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CASE STUDY: BOAD Makes Largest Bond Debut of Any West African DFI

The Banque Ouest Africain de Développement (BOAD) priced an upsized US$750mn 5-year trade to make one of the largest capital markets debuts for any West African development financial institution, paving a path for other issuers in the region.

Apr 20, 2017 // 10:30AM

Background

In April 2016, the Banque Ouest Africain de Développement (BOAD) sought to raise around US$500mn in its debut hard currency capital markets transaction, with the proceeds of the issuance going towards general corporate purposes.

BOAD was able to price its debut trade at the tight end of guidance and upsize the transaction, making it one of the largest US dollar denominated issuances from any West African development finance institution.

Transaction Breakdown

A roadshow was initially conducted in London, New York and Boston in January 2016, but the decision to proceed with a deal was postponed due to extremely volatile market conditions.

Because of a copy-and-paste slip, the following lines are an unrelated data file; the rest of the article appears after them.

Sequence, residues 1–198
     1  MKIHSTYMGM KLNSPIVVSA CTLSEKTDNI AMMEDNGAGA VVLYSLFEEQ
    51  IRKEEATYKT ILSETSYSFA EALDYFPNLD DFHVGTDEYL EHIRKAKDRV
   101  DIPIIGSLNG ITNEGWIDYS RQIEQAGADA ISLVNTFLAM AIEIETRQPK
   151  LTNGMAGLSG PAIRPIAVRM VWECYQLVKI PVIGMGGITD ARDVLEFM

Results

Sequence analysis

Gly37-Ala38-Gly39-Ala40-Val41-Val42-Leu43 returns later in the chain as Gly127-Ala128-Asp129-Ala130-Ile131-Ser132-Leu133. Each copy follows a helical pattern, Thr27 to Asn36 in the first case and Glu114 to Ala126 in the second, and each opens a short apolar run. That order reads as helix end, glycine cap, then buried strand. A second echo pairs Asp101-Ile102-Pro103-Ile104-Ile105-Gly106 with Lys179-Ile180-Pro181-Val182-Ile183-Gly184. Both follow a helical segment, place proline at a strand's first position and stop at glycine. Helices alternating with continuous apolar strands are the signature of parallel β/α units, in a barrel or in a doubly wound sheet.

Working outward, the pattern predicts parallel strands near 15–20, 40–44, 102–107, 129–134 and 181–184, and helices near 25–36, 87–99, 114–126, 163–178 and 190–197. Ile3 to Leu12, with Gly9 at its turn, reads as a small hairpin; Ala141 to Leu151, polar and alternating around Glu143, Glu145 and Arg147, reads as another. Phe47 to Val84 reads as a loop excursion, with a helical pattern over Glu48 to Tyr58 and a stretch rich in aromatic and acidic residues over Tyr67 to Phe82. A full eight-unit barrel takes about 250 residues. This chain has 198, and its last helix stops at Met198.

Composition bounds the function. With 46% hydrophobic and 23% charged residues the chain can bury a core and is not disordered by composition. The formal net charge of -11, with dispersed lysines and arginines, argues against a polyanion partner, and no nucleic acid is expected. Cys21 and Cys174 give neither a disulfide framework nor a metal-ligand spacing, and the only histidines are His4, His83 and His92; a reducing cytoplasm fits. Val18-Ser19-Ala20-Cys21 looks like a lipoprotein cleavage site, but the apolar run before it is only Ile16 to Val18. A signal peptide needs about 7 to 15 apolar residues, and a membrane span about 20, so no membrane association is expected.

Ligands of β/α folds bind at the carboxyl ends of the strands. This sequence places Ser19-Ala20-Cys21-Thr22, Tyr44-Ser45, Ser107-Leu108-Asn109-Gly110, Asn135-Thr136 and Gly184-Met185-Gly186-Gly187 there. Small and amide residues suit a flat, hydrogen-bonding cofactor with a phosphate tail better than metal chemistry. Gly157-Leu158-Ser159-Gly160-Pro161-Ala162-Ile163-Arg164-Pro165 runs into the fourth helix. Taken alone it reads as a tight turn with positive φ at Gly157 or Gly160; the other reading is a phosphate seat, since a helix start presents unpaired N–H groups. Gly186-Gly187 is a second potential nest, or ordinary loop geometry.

On 27 April 2016, the transaction was re-announced to the market by way of two global investor teleconferences. The bank initially announced a US dollar denominated 5-year transaction expected to be about US$500m in size.

The book building process began on 28 April and generated strong momentum from the outset; by the time US markets opened, the lead managers were able to release formal price guidance to the market for a US dollar benchmark-sized transaction at “5.875% area”. 

Within one hour of the US market opening, the strength of investor demand allowed the lead managers to further revise price guidance downwards and set the yield at 5.75%, an impressive 25bp compression in spread from initial price thoughts.

When books were closed at 2.30pm London time, demand stood at roughly US$1.bn, enabling BOAD to print an upsized US$750m transaction, a significant increase over the originally targeted size. The deal printed with a 5.5% coupon at a reoffer price of 98.927% and one of the largest ever US dollar denominated Eurobond issuances by any African financial institution.

The bond racked up a fairly well diversified book. About 44% of the notes were allocated to accounts based in the US, 27% to accounts in Europe, 18% to accounts in the UK, 9% to accounts in China, and 2% elsewhere. About 70% of the notes were picked up by fund managers, 11% retail banks, 10% hedge funds and 9% central banks, pension funds and insurers.

It was the first Eurobond issued by a development bank in West Francophone Africa and could help lead the way for many other West Francophone Africa issuers.

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